Xu Hualing 徐華翎

Biography

Academic Background

 

Xu Hualing was born in 1975 in Harbin, Heilongjiang province of China. As a member of the young Chinese artist group N12, Xu studied and obtained her bachelor’s degree and master’s degree in Chinese painting at Central Academy of Fine Arts (CAFA) in 2000 and 2003 respectively, during the same period as peers Liang Yuanwei, Wang Guangle, Hu Xiaoyuan, and Qiu Xiaofei.  With her unique artistic identity, Xu Hualing shines at the heart of contemporary Chinese painting.

 

A Female’s Perspective

 

Xu Hualing is categorized as a contemporary painter due to her artistic practice. She does not only imitate traditional gongbi art, but also explore the value of individual existence in her work. Most of her works are in a form of self-manifestation, in order to draw inspiration for life. Xu has revised and expanded the traditional gongbi with other painting techniques, such as watercolour effects. Xu embodies modern aesthetic taste with gongbi painting techniques, which flourished into a personal feminine style in her art.  In traditional Chinese paintings, the human body was rarely seen as the artistic subject; but for

the recent generation of Chinese artists, there is no such restriction due to the Western influences during their education and pursuit of their artistic career.  During her study, Xu discovered that most of the modern Chinese paintings of a female subject or the female body were mostly painted by male artists.  These artists gave fine treatments of the female body, but from a male’s perspective. More often, the main feature of these paintings is aestheticism—for beauty’s sake.

 

Xu Hualing uses her own perspective as a woman to paint her female subjects.  Her works centre around the “essence” of the body. She believes that women surely have different understanding and vision of the beauty of the female body. Xu finds the beauty of the female body to be pure, natural, and slightly mysterious. Being a female herself, she naturally finds her focus of attention in her paintings  different from that of men.  Xu once expressed: “For men, the beauty of the female body lies in its plumpness, the curved lines, and the variable forms of the body.  In my view, however, the curved lines are not everything. Purity is the most important thing, and I am mesmerized by female skin that seems to be breathing.”

 

Visualising Adolescence and Purity

 

Xu is most interested in the bodies of teenage girls who have just experienced their girlhood and are about to enter into their young adulthood. They are in the border area where sex finds way into their awareness yet they are not quite aware of it; they are timid and callow, sensual yet not explicitly sexual.  They are at the age when they search for identity, acceptance, and freedom to express their feelings.  It is this very personal and intimate feeling from these girls that one can connect to in Xu’s paintings.  The sensuality from her paintings is further accentuated by the medium she chooses to paint on – silk.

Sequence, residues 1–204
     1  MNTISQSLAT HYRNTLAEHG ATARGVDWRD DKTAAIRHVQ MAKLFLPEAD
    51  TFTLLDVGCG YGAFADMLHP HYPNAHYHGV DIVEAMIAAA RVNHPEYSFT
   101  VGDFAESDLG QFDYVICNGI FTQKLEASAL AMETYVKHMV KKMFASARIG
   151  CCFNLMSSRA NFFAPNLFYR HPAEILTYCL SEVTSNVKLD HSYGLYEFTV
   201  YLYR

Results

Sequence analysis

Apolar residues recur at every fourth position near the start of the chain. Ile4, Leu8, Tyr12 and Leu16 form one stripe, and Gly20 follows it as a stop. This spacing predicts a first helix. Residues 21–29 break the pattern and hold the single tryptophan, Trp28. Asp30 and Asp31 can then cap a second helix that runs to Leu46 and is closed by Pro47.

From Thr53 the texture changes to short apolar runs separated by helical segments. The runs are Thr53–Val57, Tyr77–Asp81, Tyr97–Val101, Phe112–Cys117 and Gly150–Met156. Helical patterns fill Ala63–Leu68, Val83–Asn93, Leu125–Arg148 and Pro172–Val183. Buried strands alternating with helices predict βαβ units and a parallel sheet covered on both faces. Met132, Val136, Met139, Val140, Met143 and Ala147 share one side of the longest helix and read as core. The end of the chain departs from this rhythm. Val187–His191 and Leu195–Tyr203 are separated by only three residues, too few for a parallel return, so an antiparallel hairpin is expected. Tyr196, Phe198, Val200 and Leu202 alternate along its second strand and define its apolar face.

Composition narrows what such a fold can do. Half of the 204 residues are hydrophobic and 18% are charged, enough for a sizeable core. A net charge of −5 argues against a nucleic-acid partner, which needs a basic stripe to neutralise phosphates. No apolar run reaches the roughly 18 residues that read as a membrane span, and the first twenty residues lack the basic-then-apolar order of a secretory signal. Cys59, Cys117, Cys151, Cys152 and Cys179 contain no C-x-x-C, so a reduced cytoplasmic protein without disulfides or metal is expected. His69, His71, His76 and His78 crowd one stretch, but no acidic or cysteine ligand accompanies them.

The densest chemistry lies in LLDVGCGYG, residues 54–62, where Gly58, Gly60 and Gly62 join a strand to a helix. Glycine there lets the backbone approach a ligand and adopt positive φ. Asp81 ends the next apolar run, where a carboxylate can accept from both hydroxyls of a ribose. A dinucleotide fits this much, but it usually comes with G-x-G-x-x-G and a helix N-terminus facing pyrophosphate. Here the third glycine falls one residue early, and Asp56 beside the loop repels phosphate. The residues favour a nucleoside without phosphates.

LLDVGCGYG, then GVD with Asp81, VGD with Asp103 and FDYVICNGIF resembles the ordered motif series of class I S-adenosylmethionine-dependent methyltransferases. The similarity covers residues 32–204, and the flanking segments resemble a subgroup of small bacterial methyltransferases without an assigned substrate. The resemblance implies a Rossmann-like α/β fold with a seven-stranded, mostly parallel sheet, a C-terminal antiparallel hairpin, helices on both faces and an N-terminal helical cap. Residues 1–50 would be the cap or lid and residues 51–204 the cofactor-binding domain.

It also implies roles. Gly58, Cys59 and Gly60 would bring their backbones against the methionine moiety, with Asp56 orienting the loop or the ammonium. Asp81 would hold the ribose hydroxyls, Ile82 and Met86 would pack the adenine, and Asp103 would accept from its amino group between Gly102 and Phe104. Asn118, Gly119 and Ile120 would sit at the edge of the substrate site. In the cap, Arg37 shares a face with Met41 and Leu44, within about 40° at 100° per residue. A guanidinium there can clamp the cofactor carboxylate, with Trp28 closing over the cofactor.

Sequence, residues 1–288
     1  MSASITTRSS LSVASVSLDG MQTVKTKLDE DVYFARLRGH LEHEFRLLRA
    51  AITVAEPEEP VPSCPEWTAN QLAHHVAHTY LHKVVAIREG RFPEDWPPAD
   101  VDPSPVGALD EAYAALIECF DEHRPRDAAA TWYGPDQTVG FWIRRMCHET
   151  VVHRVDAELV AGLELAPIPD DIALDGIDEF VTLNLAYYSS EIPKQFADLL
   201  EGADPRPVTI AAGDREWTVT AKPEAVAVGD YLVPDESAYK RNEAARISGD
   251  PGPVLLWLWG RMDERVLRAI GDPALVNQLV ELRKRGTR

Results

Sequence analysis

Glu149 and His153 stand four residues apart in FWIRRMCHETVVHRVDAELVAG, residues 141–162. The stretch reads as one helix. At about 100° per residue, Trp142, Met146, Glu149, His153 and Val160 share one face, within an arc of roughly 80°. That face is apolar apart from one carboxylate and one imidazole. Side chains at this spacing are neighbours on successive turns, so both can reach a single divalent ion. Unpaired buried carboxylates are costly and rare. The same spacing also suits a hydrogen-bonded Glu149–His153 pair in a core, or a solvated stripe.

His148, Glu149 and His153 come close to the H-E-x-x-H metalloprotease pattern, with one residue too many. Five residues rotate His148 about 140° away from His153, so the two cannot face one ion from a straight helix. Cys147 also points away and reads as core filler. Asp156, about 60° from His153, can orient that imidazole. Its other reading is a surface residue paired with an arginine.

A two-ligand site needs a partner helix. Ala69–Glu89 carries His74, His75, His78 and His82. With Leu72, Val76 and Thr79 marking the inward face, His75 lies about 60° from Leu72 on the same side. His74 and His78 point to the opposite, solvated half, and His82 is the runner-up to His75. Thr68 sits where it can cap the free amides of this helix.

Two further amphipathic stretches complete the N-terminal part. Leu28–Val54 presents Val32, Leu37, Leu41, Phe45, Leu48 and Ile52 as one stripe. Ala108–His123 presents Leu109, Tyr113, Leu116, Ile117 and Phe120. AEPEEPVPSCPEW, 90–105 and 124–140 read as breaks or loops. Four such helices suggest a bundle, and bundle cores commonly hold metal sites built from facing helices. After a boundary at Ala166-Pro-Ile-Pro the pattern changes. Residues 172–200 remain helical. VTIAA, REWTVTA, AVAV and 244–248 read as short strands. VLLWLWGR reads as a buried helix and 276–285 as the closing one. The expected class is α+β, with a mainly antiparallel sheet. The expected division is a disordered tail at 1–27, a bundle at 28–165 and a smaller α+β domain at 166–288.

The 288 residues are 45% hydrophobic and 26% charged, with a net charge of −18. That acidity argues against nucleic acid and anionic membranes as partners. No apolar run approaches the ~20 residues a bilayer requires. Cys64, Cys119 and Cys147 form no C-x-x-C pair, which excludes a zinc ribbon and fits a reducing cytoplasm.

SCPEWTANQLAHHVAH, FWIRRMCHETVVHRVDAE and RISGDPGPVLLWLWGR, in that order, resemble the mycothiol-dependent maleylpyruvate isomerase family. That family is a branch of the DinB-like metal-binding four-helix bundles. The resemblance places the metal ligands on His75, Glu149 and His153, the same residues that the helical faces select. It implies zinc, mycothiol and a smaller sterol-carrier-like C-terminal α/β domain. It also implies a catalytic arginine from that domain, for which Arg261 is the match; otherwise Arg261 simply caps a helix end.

In her "Fragrant” and “Still Beautiful” series, adolescent girls are Xu’s featured subject in the paintings.   The girls or their torsos  appear delicate in a serene environment.  Yet often, one can find a Band-Aid, a swollen eye, or blackened eye-sockets, subtle discordant details that break the harmony of the picture.  These detailed contrasts are powerful surprises and fascinations rather than conflicts.  In Xu’s own words: “It is like a needle dropped in a silent room; the sound is small but penetrating.”  Such surprises arouse the curiosity of viewers to wonder the story behind.  If a painting of a girl whose face is beaten and swollen, Xu is reflecting darker side of youth, the emotional struggle, the insecurity of young adulthood.

 

According to Freudian theories, the complex of “castration” is the prototype of female consciousness.  The incomplete female body in Xu Hualing’s paintings seems to correspond to such primitive motive.  In some of the works, the bodies are even unclear. The painter sometimes paints lace fabrics to cover the continued abandonment of the subject.  Xu often sees two sides in a woman: relaxed but tired, excited but stressed, stressed about love and life, about social insecurity and uncertainty in modern marriage.  Gender equality in modern Chinese society may bring greater stress.  The women in Xu’s paintings feel very small, and insignificant, even helpless.

 

Capturing the Beauty of Body

 

Xu acknowledges that her artistry is influenced by western photography. Body parts are the themes of many photographic works, especially black and white photos.  The artist usually takes photographs of her subject first before painting.  Other times, she would download images from the internet as her inspiration.  She believes that the beauty of the body is better presented in parts.  By not revealing all to the viewer, the artist leaves significant ability of imagination and individual connection with the viewer.  To Xu, painting parts of the torso alone is purer; the expression is more direct and extreme beauty can be achieved. They are snap shots of beauty.  Only what is necessary for the beauty and sensation to come across are painted.  Nothing more, nothing less.

 

Xu Hualing has been living in Beijing for the past two decades. From 2003 to 2012, she taught at the Beijing University of Technology, Art & Design College.  She currently teaches at China Central Academy of Fine Arts, School of Chinese Paintings.

Exhibitions